During recent research I’ve discovered that there is no such thing as a seagull. They are just gulls seen at the seaside! However since their food and habitat is being encroached by humans these gulls are becoming more prevalent inland. The nesting gulls around our home I have learned are two different types. The gull nest to the back of our house is a herring gull and the nest to the front, I have identified as a lesser black-backed gull. On Friday the chick to the back had fallen from the nest (chimney stack) and now cries for food whilst on the roof. The adult tends to this chick so I am not too concerned. 

Watching birds while it rained:
This weekend was a rather damp squib, in more ways than one!! It rained constantly all day Saturday, so I decided to spend a good hour watching the birds visiting the yarden feeders. I saw four species of bird, 7 goldfinches, 5 sparrows, (who are so adventurous and like to explore every corner of the yarden). 13 Starlings and 4 pigeons. I even spotted a poor bedraggled honeybee trying to dodge the raindrops!

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View from the window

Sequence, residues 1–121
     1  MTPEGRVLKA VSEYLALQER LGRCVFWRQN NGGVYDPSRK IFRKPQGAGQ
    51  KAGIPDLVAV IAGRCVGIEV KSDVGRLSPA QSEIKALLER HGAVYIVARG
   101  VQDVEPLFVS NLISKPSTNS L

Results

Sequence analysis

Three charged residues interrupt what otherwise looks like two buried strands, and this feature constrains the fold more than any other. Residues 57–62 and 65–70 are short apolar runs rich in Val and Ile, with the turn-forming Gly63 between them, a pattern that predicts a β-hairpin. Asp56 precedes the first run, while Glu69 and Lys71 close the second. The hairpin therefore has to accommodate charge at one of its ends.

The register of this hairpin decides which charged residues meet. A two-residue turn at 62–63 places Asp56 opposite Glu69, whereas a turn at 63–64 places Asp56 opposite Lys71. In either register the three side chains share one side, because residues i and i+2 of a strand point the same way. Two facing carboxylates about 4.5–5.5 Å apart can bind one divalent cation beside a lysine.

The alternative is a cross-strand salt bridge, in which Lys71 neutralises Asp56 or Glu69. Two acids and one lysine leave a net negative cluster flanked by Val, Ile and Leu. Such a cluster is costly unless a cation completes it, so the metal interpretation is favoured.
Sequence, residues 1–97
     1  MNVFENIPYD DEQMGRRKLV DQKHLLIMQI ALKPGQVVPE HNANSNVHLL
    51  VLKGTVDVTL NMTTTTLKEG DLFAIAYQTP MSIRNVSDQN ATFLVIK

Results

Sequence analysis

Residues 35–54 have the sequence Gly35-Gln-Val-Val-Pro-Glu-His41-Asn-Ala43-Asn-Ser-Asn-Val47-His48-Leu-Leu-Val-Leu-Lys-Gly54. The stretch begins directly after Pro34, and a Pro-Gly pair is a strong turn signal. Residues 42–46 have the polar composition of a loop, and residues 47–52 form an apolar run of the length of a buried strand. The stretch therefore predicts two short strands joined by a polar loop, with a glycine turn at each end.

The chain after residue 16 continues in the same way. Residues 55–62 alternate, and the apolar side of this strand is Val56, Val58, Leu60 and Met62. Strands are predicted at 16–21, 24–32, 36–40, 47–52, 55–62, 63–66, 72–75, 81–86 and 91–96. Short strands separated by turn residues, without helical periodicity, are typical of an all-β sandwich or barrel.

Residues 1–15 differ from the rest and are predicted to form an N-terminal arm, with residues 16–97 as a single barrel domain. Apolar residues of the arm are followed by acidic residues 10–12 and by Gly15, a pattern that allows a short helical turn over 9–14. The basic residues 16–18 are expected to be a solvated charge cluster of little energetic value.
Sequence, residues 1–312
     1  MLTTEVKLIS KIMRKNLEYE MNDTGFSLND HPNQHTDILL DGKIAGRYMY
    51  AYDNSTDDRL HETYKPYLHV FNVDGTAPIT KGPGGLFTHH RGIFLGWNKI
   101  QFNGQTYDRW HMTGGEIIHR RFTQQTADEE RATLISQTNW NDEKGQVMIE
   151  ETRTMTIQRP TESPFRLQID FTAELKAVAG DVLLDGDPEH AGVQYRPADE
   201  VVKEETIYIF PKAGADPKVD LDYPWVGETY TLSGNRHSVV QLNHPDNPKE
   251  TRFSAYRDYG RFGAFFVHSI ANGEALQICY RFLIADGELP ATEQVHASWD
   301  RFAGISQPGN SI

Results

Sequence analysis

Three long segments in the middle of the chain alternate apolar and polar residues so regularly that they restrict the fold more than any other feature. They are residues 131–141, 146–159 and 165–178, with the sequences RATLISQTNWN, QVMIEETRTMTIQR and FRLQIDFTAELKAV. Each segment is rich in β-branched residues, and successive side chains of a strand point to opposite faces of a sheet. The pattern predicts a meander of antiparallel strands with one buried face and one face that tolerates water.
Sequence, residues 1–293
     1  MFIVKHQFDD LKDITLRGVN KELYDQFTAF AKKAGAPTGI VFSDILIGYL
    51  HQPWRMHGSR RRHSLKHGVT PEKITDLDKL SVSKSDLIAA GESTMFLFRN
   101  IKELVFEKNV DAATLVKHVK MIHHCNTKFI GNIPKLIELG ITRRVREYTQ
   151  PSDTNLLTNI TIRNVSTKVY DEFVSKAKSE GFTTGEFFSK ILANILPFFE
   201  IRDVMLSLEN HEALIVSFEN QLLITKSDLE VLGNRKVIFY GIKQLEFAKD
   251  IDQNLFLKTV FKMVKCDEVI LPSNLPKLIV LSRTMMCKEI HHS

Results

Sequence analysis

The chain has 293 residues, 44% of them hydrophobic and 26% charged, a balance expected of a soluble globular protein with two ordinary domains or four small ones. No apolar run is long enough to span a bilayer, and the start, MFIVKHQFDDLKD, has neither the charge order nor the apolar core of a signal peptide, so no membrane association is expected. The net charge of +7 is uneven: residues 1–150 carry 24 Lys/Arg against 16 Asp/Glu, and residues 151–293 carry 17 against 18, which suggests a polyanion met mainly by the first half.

#walk1000miles:
I’ve forgotten to calculate my miles recently. So when I did add up this week’s mileage, I found that I had walked 35 miles, bringing my annual total to 1,177!

Book I am reading?
Having finished The Heights by Juliet Bell I am left wondering what to read next. Any ideas??

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Riley:
I’ve noticed that since Riley has hit the prime age of 10, he has slowed down a lot. He no longer plays for as long as he used too and he stop and starts when going for a long walk. I worry for him. Do you have any tips on looking after an older dog?

So, that was my week, how was yours?

Thanks for reading,

Christine x

Sunday Sevens #67

These Sunday’s come round awfully fast! Here’s another Sunday Sevens, seven or more pictures from my week. Thanks to Natalie at Threads and Bobbins for devising the series.

backyard natureBack Yard Nature Guardians:

Though aimed at children I decided to sign up to protect my precious back yard(en). Back Yard Nature are looking for guardians to protect a chosen patch of nature. Though the initiative is in its infancy there will be seasonal missions to accomplish. Save the bees will be the first. I have noticed that I have seen less bee action in my yarden this summer. It is a concern.

Art for the Yarden: